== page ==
We Are Marshall

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        The new film, We Are Marshall, is the latest in a long line of films which follow a set formula. These are the underdog sports movies. In these films, an athlete or more often a whole team, overcomes terrible adversity to (usually) win the championship. These stories can involve any sport. but football and basketball seem to be preferred. If these films are well done, then by the time you reach the climax, they will have you sobbing. My favorite movies of this genre are Rudy, the story of an undersized but big-hearted student (Sean Astin) and would-be football player at Notre Dame, and Hoosiers, the story of a washed-up coach (Gene Hackman) who takes the basketball team from a small Indiana town to the state championship. In recent years, this type of film has appeared at an alarming rate, including Remember the Titans, Glory Road, Miracle, The Rookie, and Friday Night Lights. Apparently, there is an inexhaustible supply of these heartwarming stories.

        The newest, underdog, sports tearjerker, We Are Marshall, tells the true story of the Marshall University football team in 1971. The previous year a plane crash killed almost all of the players and coaches on the team. The university president (David Strathairn) has to decide whether to cancel the football program since only one assistant coach (Matthew Fox) and three players (Anthony Mackie et al.) are left alive. The townspeople, including the father (Ian McShane) and fiancee (Kate Mara) of one of the dead players, are still reeling. But the students at Marshall make it clear that they want football, so Strathairn tries to find a new head coach. He has almost exhausted his search when he hears from a coach (Matthew McConaughey) who is interested in the job. McConaughey and Fox, supported by their long-suffering wives (January Jones & Kimberly Williams), set out to find some players and build a team.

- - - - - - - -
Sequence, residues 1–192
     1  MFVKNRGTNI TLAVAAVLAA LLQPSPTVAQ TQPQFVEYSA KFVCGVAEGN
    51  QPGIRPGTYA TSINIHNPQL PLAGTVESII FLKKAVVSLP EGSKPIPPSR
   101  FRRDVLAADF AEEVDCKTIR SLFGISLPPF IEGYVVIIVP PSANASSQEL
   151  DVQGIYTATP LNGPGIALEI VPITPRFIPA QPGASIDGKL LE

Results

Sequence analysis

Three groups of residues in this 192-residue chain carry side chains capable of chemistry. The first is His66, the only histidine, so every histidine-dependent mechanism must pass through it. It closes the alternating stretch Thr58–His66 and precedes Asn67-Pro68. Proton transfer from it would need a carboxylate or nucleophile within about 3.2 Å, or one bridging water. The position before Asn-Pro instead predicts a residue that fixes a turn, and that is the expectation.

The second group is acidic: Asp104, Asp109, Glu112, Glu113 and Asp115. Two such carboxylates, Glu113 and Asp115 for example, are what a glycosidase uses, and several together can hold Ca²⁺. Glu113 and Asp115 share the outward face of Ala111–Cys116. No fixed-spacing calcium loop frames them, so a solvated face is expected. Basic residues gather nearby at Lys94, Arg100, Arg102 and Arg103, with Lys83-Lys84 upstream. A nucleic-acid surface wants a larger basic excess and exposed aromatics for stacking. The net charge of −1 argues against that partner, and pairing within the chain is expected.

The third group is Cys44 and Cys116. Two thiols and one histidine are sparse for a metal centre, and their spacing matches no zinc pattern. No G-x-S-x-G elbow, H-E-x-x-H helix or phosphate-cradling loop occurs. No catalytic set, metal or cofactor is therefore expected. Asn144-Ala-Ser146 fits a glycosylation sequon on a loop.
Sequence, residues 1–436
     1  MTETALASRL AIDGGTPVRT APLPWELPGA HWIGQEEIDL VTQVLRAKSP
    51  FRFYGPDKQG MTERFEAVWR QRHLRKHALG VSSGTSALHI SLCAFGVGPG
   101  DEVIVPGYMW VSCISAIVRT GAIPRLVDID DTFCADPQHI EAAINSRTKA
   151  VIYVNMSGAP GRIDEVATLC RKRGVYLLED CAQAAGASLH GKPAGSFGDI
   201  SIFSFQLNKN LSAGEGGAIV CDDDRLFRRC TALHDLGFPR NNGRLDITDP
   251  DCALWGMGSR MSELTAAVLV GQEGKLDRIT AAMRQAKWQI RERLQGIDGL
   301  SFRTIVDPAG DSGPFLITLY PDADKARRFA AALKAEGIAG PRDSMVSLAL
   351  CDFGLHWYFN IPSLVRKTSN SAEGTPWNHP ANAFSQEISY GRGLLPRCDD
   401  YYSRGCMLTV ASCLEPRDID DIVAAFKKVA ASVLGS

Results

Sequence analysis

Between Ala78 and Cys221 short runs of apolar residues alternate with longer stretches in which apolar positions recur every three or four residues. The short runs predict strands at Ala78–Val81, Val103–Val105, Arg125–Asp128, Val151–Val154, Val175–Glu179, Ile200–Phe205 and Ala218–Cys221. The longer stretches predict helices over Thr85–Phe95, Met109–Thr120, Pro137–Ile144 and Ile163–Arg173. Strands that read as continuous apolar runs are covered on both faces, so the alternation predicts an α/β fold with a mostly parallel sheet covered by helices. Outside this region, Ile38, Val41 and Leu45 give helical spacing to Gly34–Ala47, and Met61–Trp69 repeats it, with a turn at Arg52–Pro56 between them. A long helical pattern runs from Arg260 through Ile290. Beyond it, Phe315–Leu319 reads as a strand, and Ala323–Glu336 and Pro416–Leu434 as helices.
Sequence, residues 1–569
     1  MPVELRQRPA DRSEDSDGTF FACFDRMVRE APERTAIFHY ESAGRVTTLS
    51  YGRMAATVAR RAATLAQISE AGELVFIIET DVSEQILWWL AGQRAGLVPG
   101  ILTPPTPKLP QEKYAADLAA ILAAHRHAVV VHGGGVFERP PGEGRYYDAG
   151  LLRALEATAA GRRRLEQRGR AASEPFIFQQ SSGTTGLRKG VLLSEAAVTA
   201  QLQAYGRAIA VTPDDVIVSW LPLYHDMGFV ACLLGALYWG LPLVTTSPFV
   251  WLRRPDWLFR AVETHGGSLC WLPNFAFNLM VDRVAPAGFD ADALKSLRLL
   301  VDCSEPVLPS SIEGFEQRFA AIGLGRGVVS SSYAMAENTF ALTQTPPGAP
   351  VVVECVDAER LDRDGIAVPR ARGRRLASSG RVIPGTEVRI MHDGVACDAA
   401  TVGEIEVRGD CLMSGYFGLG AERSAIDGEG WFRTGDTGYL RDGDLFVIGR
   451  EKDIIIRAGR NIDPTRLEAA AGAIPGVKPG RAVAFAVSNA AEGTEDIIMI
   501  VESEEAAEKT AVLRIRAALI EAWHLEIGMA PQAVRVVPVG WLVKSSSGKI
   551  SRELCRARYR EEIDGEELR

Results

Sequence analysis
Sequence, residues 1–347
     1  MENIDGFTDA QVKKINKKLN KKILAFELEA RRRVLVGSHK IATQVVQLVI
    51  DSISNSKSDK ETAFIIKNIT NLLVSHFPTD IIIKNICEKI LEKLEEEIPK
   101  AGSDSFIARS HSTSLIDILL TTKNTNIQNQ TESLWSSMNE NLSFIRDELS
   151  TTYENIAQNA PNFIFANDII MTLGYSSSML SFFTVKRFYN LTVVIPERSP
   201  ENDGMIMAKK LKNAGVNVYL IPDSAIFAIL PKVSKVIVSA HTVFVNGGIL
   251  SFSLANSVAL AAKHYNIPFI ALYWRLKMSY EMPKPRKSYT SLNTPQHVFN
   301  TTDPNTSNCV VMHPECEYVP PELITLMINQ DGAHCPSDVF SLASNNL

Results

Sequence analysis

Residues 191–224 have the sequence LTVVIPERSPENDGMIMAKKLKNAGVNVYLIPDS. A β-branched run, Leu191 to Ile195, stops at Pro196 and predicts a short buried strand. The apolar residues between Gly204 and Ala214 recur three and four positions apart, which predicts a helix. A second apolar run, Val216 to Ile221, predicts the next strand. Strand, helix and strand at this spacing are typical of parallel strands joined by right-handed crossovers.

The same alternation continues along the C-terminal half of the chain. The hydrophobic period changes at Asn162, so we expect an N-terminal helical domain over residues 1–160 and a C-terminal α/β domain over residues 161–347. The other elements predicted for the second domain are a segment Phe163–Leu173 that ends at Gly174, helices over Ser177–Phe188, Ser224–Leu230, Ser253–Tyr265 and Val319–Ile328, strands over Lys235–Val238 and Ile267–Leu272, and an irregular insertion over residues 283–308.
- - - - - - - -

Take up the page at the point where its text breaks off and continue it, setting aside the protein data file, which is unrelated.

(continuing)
We Are Marshall isn't bad. It hits all the right notes but it doesn't really make us care enough about these people to cry about them. In fact, the only time I got a bit choked up was near the beginning of the movie when the University Board of Regents is meeting to decide the fate of the football team and hundreds of students gather, chanting, you guessed it, We Are Marshall. The cast is OK. Strathairn (Good Night and Good Luck) is one of the greatest, if under appreciated, actors. And he shows his talent here, turning a one-dimensional character in the screenplay into one with close to three dimensions. And this is a good role for McConaughey. He plays a good old boy who talks out of the side of his mouth and we like him. But it just doesn't run very deep. There's no comparison between McConaughey in We are Marshall and Gene Hackman's haunted coach in Hoosiers. Matthew Fox as the assistant coach, plays basically the same bitter character that he plays in Lost.

        We Are Marshall is a change of speed for the director, McG, who is best known for the Charlie's Angels movies. Those movies are not known for their deep character development. We Are Marshall concentrates mostly on the two coaches and one star player who survived the crash. But even then, we don't get much beyond survivor guilt. Similarly, the one major subplot with McShane and Mara, grieving apart over the same person, isn't very well developed. You just have to watch McShane in Deadwood to see what he can do with a real character. But all that aside, We Are Marshall almost works because this true story of a small town losing so many people at once is very powerful. So rent it some Saturday night.